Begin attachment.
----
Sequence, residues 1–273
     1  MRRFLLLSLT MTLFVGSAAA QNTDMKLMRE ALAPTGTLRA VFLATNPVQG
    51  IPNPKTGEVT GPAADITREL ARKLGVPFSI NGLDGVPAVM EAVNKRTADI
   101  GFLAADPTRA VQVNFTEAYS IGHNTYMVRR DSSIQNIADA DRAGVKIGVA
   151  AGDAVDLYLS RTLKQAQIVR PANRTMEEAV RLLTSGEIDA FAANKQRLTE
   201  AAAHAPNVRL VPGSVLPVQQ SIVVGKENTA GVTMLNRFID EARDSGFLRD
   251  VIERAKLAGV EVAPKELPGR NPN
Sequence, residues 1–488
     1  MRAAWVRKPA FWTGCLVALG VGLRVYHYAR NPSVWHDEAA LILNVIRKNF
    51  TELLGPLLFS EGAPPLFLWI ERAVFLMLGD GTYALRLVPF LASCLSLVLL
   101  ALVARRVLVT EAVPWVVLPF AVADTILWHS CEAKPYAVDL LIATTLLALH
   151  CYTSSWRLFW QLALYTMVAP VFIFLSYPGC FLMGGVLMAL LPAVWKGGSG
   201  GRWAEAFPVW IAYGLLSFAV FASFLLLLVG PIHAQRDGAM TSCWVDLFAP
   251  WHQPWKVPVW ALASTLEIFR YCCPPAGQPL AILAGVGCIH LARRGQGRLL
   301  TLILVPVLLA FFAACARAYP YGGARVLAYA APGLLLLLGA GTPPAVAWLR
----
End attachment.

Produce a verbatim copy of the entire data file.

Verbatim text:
Sequence, residues 1–273
     1  MRRFLLLSLT MTLFVGSAAA QNTDMKLMRE ALAPTGTLRA VFLATNPVQG
    51  IPNPKTGEVT GPAADITREL ARKLGVPFSI NGLDGVPAVM EAVNKRTADI
   101  GFLAADPTRA VQVNFTEAYS IGHNTYMVRR DSSIQNIADA DRAGVKIGVA
   151  AGDAVDLYLS RTLKQAQIVR PANRTMEEAV RLLTSGEIDA FAANKQRLTE
   201  AAAHAPNVRL VPGSVLPVQQ SIVVGKENTA GVTMLNRFID EARDSGFLRD
   251  VIERAKLAGV EVAPKELPGR NPN
Sequence, residues 1–488
     1  MRAAWVRKPA FWTGCLVALG VGLRVYHYAR NPSVWHDEAA LILNVIRKNF
    51  TELLGPLLFS EGAPPLFLWI ERAVFLMLGD GTYALRLVPF LASCLSLVLL
   101  ALVARRVLVT EAVPWVVLPF AVADTILWHS CEAKPYAVDL LIATTLLALH
   151  CYTSSWRLFW QLALYTMVAP VFIFLSYPGC FLMGGVLMAL LPAVWKGGSG
   201  GRWAEAFPVW IAYGLLSFAV FASFLLLLVG PIHAQRDGAM TSCWVDLFAP
   251  WHQPWKVPVW ALASTLEIFR YCCPPAGQPL AILAGVGCIH LARRGQGRLL
   301  TLILVPVLLA FFAACARAYP YGGARVLAYA APGLLLLLGA GTPPAVAWLR